In her essay, "How It Feels to Be Colored Me," Zora Neale Hurston begins by describing her childhood in Eatonville, Florida—an all-black community. She recalls seeing passing white visitors, usually from the North, and using their presence as an opportunity to turn herself into an informal welcoming committee, despite the nervousness that the foreign white faces inspired in some of the adults:
They were peered at cautiously from behind curtains by the timid. The more venturesome would come out on the porch to watch them go past and got just as much pleasure out of the tourists as the tourists got out of the village. The front porch might seem a daring place for the rest of the town, but it was a gallery seat for me. My favorite place was atop the gatepost. Proscenium box for a born first-nighter. Not only did I enjoy the show, but I didn't mind the actors knowing that I liked it. I usually spoke to them in passing. I'd wave at them and when they returned my salute, I would say something like this: "Howdy-do-well-I-thank-you-where-you-goin'?"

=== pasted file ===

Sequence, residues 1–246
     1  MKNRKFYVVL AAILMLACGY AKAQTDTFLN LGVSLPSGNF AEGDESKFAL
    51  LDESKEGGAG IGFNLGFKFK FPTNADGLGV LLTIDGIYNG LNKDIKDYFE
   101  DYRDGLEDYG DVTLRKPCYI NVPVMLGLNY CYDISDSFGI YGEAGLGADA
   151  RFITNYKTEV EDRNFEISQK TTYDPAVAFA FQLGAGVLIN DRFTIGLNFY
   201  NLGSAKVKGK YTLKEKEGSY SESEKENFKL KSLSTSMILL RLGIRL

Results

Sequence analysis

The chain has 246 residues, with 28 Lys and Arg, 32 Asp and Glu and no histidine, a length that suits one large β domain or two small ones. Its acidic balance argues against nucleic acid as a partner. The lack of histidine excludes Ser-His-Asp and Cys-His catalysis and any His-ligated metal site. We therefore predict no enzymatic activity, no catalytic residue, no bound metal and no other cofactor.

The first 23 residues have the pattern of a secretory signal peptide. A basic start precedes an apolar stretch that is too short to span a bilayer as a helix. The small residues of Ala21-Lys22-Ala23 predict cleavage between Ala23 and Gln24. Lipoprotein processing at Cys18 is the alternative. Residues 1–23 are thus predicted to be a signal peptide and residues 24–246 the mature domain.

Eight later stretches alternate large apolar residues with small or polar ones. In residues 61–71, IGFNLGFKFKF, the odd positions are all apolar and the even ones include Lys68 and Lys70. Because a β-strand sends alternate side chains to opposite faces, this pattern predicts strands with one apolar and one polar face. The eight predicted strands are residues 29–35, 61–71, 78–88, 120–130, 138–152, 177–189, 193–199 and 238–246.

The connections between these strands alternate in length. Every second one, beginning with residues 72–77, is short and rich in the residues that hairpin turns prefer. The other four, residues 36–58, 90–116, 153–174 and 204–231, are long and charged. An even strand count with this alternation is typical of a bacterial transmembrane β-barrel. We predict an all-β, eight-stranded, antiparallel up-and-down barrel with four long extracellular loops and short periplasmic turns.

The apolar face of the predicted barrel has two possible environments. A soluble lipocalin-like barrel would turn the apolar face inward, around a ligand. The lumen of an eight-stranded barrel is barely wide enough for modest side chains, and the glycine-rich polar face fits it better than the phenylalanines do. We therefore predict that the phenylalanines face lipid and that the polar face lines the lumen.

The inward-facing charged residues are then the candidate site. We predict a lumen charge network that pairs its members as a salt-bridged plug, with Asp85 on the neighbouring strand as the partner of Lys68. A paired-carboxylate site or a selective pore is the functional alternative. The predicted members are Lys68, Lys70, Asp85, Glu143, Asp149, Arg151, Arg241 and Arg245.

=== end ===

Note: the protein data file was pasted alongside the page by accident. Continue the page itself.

Being in an all-black space, and a thriving black community, contributed to Hurston's experience of not feeling inferior. Unlike her contemporaries who, in her view, belonged to "the sobbing school of Negrohood," she never measured her blackness against whiteness and never envied what white people had.
Her circumstances changed when she went away to Jacksonville to attend school. There, she was "not Zora of Orange County any more," but just another "little colored girl." With this simple and subtle phrase, Hurston reveals how racism reduces a person's identity. She thought of herself as someone with a name and a place of origin, but in Jacksonville, she was defined by her color—an aspect of her being which placed her in the strange space of being both unwanted in public spaces but essential to the maintenance of Jim Crow: "warranted not to rub nor run."